Monday, March 01, 2010

Rehearse, rehearse, rehearse ...

There is a legendary tale that the great Jackie Gleason never liked rehearsing. He would show up just before going live on air for The Honeymooners, and when he didn’t know a line, he could simply ad lib – even after a few cocktails! Well, if it’s true, he was truly gifted and well beyond the definition of genius.

I, for one, am a big believer in rehearsing for everything and being meticulously well prepared. Especially so when pitching for new business. Those who have worked with me know I’m a stickler for rehearsal and I build in loads of practise time before a pitch. The week an employee remarked, “Oh, Julie, I don’t need rehearsal. I’ll just wing it” was the week her short career at MAVERICK ended.

Rehearsals are key to nailing down any presentation and mastering the flow. This becomes even more important when more than two people are presenting. Content may be king, but the ace in hole is all in the delivery. Knowing the content on your slides is one thing, but it’s critical to rehearse all aspects of the pitch.

Here are some key areas where you will find a rehearsal will greatly improve your live pitch and odds at winning the biz:

-- Practice your introductions, because it’s amazing how many people say the wrong things about themselves in front of a client or discuss non-relevant experience
-- Rehearse transitions between presenters
-- Practice answering anticipated questions
-- Go over finer details like budgets and timelines
-- Pepper presentations with client examples and analogies, and practise those examples aloud and at what point you will use them
-- Rehearse jokes ... yup, nothing is ad libbed in a presentation
-- Run through videos at least 10 times before a pitch, and if there is narrative around them practice that, too
-- Do at least one full dry run of a presentation in front of other employees to get timing and rhythm down;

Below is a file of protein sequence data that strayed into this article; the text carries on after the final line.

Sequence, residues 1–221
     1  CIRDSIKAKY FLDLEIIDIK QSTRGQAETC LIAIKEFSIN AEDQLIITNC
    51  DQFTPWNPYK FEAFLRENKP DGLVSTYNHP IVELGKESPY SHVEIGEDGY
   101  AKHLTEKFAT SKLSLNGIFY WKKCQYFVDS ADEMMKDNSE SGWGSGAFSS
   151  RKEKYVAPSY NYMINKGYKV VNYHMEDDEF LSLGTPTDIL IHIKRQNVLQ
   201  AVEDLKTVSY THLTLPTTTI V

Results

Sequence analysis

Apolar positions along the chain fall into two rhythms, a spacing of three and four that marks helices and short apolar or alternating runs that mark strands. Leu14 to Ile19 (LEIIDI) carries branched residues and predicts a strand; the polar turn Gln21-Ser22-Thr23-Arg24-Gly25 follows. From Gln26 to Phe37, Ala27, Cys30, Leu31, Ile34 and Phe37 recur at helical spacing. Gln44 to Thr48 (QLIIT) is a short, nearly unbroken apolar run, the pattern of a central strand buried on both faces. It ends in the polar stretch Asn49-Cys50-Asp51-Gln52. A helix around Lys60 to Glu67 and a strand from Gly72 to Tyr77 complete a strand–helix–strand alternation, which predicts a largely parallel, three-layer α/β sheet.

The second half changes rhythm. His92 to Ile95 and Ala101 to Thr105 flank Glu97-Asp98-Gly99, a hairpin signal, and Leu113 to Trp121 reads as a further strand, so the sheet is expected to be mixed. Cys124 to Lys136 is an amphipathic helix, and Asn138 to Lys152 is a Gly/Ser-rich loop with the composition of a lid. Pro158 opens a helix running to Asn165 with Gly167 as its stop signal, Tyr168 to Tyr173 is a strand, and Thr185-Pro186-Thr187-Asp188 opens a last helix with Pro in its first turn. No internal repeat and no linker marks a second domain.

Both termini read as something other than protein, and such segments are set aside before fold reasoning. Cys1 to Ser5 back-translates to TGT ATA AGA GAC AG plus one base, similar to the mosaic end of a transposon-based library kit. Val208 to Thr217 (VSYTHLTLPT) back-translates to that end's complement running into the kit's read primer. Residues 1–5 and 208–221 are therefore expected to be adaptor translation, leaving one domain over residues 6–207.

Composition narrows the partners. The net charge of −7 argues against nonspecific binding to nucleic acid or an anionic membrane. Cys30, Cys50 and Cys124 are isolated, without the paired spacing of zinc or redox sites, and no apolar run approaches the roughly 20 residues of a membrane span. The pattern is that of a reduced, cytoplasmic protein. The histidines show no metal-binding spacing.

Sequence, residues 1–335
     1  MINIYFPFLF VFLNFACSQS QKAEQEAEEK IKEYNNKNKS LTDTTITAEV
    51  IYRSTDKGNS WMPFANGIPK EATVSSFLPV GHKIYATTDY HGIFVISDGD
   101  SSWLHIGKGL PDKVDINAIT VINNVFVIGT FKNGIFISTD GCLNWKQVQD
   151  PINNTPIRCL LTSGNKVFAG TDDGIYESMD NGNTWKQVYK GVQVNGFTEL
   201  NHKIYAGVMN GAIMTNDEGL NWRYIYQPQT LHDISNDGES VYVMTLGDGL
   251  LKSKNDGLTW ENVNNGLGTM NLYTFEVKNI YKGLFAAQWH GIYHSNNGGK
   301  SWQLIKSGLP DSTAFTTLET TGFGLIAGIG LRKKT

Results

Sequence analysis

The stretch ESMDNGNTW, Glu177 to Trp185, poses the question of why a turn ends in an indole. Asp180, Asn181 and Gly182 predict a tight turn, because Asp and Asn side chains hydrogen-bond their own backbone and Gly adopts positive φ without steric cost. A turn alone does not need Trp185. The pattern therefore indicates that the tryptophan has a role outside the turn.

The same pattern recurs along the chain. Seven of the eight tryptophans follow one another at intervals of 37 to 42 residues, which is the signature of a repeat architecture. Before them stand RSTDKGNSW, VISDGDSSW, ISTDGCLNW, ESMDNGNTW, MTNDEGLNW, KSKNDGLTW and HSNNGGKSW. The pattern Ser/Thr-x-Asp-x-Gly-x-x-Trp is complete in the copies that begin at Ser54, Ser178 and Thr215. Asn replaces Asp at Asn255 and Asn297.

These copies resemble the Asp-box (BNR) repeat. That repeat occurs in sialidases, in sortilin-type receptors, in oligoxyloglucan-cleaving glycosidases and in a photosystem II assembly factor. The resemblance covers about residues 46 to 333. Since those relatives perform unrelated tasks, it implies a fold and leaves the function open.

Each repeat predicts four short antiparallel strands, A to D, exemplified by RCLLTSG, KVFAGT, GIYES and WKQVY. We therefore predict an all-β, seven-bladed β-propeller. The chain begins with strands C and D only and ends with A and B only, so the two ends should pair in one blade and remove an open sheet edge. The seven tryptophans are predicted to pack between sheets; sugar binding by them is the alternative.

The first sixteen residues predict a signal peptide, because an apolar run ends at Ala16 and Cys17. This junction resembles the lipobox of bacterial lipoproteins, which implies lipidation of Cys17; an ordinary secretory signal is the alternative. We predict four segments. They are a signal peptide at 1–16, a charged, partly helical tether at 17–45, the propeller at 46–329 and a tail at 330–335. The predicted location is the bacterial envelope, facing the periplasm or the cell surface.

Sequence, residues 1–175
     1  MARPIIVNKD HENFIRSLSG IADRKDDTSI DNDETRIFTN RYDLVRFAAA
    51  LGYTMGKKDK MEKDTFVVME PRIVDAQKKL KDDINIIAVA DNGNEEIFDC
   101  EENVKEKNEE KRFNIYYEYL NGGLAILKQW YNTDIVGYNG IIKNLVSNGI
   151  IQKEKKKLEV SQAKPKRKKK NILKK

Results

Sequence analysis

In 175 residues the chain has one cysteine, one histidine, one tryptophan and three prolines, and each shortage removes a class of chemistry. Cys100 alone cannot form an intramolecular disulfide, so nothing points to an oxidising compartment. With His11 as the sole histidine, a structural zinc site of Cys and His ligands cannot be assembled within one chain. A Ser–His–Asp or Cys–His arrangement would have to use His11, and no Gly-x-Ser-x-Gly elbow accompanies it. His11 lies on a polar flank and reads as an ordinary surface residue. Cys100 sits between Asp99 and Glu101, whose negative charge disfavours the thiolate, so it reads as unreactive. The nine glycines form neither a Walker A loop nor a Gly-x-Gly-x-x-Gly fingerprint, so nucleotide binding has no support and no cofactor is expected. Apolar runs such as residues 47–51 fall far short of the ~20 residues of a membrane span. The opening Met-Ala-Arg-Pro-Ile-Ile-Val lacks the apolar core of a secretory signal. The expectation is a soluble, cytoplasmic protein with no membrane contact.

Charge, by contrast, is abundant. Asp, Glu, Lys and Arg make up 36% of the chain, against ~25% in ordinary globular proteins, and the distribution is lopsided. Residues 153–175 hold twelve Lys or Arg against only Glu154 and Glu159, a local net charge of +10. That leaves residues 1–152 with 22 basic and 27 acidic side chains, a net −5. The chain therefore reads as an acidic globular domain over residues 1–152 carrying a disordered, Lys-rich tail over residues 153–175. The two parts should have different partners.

-- Practice standing, sitting and walk-ins
-- If you are presenting in the client’s boardroom, get the dimensions beforehand so you know exactly where to position yourselves
-- Finally, rehearse the close and how you are going to ask for the business!


Parker said...

I could have used this advice about 12 hours ago, Julie.

尾牙大餐 said...
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Martin Waxman said...

This is great advice, Julie. A pitch is really like the opening night of a show and all performers know they can't put on a good show unrehearsed.

Corina - ALS Ontario said...
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Corina - PR Student said...

This is really great advice Julie. I'm currently a member of Toastmasters and one of the things they stress is practice, practice, practice.

Ron Weinberger said...

I couldn’t agree with you more Julie!

I’d like to add two additional suggestions:

Video tape your rehearsals and review them to ensure a high level of enthusiasm, confidence, eye contact, tone of voice and facial expression.

Also, when you walk into a presentation keep in mind no one in the room is going to be more excited about your product or service than you are. Your job is to ensure that when you leave, you’ve brought everyone else up to your high level. Remember... enthusiasm, belief and confidence are contagious!